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Sound of the Saw

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By Douglas H. ChadwickPhotographs by Joel Sartore

From wolves to whales, from rain forests to tidal flats—Vancouver Island's Clayoquot Sound has them all.

Read or print the full article.

Off the west coast of British Columbia's Vancouver Island, Bob Van Pelt tramped ahead across a smaller isle named Meares. We were in woods as old, quiet, green, and wet as a forest can be. Even the air felt soaked. It was hard to tell how much of the moisture came from the chilly rain, how much was fog, and how much was steam rising off the burly figure of a bearded Van Pelt, also known as Big Tree Bob. "I'm hot," he said with a shrug. "Big trees energize me."

When we reached a giant that the locals call Big Mother, Van Pelt, a researcher from the University of Washington College of Forest Resources, took precise measurements with a laser and announced that this western red cedar would probably rank among the ten largest known on the continent. A true ancient, 60 feet (20 meters) around at the base, the cedar had a grove of full-size hemlock trees growing out of her sides and shrublands of huckleberry, salal, and false azalea arising from clefts in her bark high overhead. Thick epaulets of moss padded Big Mother's great limbs. Liverworts and ferns piled out of the mosses, and lichens coated and colored everything in between. She was a forest community all by herself, an organic apartment tower, and the closest thing I had ever seen to the fabled tree of life.

You can try to understand the living world with your head, but sometimes the heart is a truer field guide. Here in Vancouver Island's Clayoquot Sound, a million-acre (400,000-hectare) natural amphitheater where mountainsides embrace a fjord-fingered, island-strewn reach of the sea, you don't have to choose, for every way of knowing nature seems to come into play.

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In More to Explore the National Geographic magazine team shares some of its best sources and other information. Special thanks to the Research Division.

Did You Know?
Where there are salmon streams there usually are bears. And Vancouver Island, with its abundant salmon streams, seems like perfect bear habitat. The American black bear (Ursus americanus) does inhabit the island, but oddly there are no grizzly bears (Ursus arctos), even though many are found just a short distance away on the mainland of British Columbia. Why? Some scientists believe that the two species of bear simply cannot coexist on islands, even though they do coexist on the continent—perhaps it would mean too much competition in a confined space. But the fact of the matter is that no one really knows.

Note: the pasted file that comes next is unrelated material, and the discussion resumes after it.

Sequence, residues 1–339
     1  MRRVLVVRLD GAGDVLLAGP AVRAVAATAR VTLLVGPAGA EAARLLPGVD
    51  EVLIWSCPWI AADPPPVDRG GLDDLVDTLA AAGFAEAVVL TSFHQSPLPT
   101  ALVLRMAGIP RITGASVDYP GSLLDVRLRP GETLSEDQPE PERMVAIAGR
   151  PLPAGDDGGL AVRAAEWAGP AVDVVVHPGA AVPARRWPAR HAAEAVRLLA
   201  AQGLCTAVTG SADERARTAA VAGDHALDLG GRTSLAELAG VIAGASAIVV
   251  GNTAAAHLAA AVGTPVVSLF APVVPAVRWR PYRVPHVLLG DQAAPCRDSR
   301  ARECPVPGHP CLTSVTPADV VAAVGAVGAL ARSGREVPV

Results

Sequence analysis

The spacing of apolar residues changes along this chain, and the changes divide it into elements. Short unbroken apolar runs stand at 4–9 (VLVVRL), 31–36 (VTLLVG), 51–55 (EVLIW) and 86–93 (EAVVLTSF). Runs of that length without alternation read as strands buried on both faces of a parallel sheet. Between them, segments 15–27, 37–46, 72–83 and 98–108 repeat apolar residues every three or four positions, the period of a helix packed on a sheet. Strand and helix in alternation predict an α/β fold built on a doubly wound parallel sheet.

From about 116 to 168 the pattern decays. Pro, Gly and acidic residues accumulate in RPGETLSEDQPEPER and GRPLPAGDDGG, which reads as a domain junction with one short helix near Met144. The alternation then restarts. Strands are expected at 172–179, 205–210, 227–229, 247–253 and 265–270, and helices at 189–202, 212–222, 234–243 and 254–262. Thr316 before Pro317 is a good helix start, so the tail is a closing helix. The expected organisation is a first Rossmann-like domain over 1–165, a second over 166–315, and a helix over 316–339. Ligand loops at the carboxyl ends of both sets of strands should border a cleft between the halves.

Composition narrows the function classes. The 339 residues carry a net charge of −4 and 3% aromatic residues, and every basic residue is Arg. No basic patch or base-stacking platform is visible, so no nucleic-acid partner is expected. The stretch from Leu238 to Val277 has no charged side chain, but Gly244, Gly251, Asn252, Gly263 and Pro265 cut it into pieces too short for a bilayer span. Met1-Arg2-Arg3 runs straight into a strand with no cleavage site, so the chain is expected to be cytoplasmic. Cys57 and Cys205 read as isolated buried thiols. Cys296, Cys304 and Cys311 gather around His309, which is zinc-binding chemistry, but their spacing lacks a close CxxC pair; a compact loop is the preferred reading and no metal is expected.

—Alice J. Dunn

Did You Know?

Related Links
The Friends of Clayoquot Sound
Learn about the grassroots organization that has made the protection of Clayoquot Sound its mission and find out what you can do to help.

Clayoquot Sound UNESCO Biosphere Reserve
Explore this website to get more information on the history and future of Clayoquot Sound and the reserve.

Tofino, British Columbia
Find out more about Tofino and Clayoquot Sound, including where to stay and eat, activities and excursions, events, and services.

Iisaak Forest Resouces Ltd.
Want to know more about logging in Clayoquot Sound? Go to this website to learn about one company's innovative approach to logging and sustainable development.


Cederholm, C. J. and others. Pacific Salmon and Wildlife—Ecological Contexts, Relationships, and Implications for Management. Special Edition Technical Report, Washington Department of Fish and Wildlife, 2000. Download this report online at

Hammond, Herb. See the Forest Among the Trees: The Case for Wholistic Forest Use. Polestar Press Ltd., 1992.

Harding, Lee E., and Emily McCullum, eds. Biodiversity in British Columbia: Our Changing Environment. Environment Canada and Canadian Wildlife Service, 1994.

Kirk, Ruth, and Jerry Franklin. The Olympic Rain Forest: An Ecological Web. University of Washington Press, 1992.

Kozloff, Eugene N. Seashore Life of the Northern Pacific Coast: An Illustrated Guide to Northern California, Oregon, Washington, and British Columbia. University of Washington Press, 1993.

Sturtevant, William C., ed. Handbook of North American Indians, vol. 7. Smithsonian Institution, 1990.


NGS Resources
Chatelin, Ray, and Sarah McLachlan. "City of the Sea," National Geographic Traveler (September 2000), 62-77.

Ostrove, Michele V. "A Floating Stay in the Wild," National Geographic Traveler (March 2000), 40-42

Pringle, Heather. "Vancouver Vantage Point," National Geographic Traveler (July/August 1992), 122.

Pringle, Heather. "From the Briny Deep," National Geographic Traveler (January/February 1989), 101.

Boyer, David S. "The Untamed Fraser River, British Columbia's Lifeline," National Geographic (July 1986), 44-75.

Boyer, David S. "British Columbia: Life Begins at 100," National Geographic (August 1958), 147-189.

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